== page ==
“In this role, very few people like to be policed,” Lancer says. “So the goal is to do it in a way that is positive and collaborative. We’ll look at a program at random, and work with staff to make sure client safety requirements and proper reporting and billing procedures are being followed.”
OHEL CEO David Mandel says the approach is both valued and appreciated.
“The services and the regulations have to be right. Adam also has a direct line to interact with OHEL’s Board of Directors who are ultimately responsible for the agency’s oversight,” Mandel says. “While it’s easy and all too common for company staff to have a degree of mistrust of compliance and regulatory staff, Adam is successful in large part due to the respect he accords his colleagues and his good listening ear. He also emphasizes that he doesn’t have to be right.”
To augment the auditing process, Lancer also created an anonymous tip line accessible to staff and clients. Tips received have led him and OHEL staff to visit facilities and programs during off-peak hours to determine if there are violations.
The tips have also created more staff training using webinars and other methods to review issues of client safety, compliance, sexual harassment and employment discrimination.
The results improve care and reinforce or create new procedures and protocols, but there is also a very practical reason for self-auditing, he adds.
“If you don’t do the documentation right, you are not going to have the money,” Lancer summarizes.
And if the audits show room for improvement at times, he says they also show him much more about OHEL’s staff.
“They’re the heroes. They’re working 24/7 and there’s a tremendous level of devotion. They also have to meet a myriad of requirements that are unique to the social services field,” he says.
Work that counts
Lancer’s devotion is no less apparent—it marks the course of his career arc.
After graduating from the State University of New York Albany with a degree in political science, he then earned his J.D. from New York Law School in 1996. From 1998 to 2001, he prosecuted child abuse and neglect cases for New York City’s Administration for Children’s Services. In 2000, he joined OHEL.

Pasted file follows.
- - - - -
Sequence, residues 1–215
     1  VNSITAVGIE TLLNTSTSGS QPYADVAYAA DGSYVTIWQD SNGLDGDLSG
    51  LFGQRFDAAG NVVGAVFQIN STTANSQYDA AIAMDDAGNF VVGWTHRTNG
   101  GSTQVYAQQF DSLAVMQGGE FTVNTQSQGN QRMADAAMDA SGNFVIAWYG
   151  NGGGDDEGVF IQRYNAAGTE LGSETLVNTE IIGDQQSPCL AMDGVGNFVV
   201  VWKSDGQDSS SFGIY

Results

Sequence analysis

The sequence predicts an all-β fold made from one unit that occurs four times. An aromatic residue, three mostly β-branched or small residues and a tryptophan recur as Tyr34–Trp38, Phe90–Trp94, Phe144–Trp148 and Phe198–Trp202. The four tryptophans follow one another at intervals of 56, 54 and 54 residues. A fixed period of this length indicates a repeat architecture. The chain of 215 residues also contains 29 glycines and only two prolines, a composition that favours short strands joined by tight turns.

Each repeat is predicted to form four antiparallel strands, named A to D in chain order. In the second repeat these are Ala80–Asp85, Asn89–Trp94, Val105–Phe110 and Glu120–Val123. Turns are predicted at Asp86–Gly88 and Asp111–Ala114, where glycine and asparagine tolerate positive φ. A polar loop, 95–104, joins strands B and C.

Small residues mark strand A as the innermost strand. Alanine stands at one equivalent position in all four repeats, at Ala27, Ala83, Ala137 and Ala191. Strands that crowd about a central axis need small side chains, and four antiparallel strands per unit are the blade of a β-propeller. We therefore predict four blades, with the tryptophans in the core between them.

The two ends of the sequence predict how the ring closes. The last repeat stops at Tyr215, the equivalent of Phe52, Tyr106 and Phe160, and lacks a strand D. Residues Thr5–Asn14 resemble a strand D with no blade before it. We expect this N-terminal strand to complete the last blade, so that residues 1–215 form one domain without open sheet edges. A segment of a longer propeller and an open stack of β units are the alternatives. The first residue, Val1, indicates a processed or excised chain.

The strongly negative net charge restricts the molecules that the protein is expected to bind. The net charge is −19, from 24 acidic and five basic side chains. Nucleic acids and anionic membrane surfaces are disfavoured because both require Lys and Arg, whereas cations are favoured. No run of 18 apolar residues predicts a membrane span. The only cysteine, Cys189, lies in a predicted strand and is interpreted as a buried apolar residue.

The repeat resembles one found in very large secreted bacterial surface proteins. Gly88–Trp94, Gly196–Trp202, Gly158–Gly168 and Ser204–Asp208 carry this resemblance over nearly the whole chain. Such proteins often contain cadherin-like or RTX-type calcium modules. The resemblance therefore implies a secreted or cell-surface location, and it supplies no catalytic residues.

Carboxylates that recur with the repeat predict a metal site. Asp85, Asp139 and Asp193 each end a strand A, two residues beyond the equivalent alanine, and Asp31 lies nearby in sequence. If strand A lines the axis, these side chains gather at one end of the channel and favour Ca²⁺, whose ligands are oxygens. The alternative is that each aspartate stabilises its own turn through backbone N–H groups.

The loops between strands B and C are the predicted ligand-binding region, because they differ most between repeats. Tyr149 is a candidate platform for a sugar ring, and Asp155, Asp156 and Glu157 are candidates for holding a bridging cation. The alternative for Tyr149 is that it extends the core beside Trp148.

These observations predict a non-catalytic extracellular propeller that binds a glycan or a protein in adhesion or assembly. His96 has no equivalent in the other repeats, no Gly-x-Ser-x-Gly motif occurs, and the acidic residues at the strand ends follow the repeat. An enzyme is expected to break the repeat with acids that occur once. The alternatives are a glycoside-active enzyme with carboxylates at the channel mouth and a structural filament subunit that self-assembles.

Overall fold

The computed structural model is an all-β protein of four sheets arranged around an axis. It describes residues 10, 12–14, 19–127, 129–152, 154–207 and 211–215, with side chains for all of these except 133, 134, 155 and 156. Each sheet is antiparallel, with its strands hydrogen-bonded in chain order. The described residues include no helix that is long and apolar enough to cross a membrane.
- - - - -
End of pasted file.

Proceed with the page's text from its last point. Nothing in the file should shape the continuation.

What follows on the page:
Lancer’s work at OHEL is not very different from what an in-house counsel at a for-profit business handles: contracts, employment issues, risk management and regulations are not unique to the social services field, he notes. The purpose and fulfillment are, though.
“You’re taking your legal training and doing many of the same things people do in the for-profit sector,” he says, “but you’re doing it to a large extent with the mission of helping people with disabilities. You are working with staff people who are very mission driven.”
Driven is a good word for Lancer, too. A father of seven who also has a consulting business, he commutes 2.5 hours to his office each day and spends time away from the office observing his faith as an Orthodox Jew.
In the course of his years in the courts and at OHEL, Lancer has seen vulnerable people in crisis, but the stories are not always unhappy and his efforts to help the agency succeed are an extension of his faith, he says.
“I have to make a living, I have seven kids,” he says. “But if I can get up in the morning and help people with disabilities, it’s of merit and a special privilege. I also get to see tremendous good in the staff and the clients who grow and live more independently through the agency’s good work.”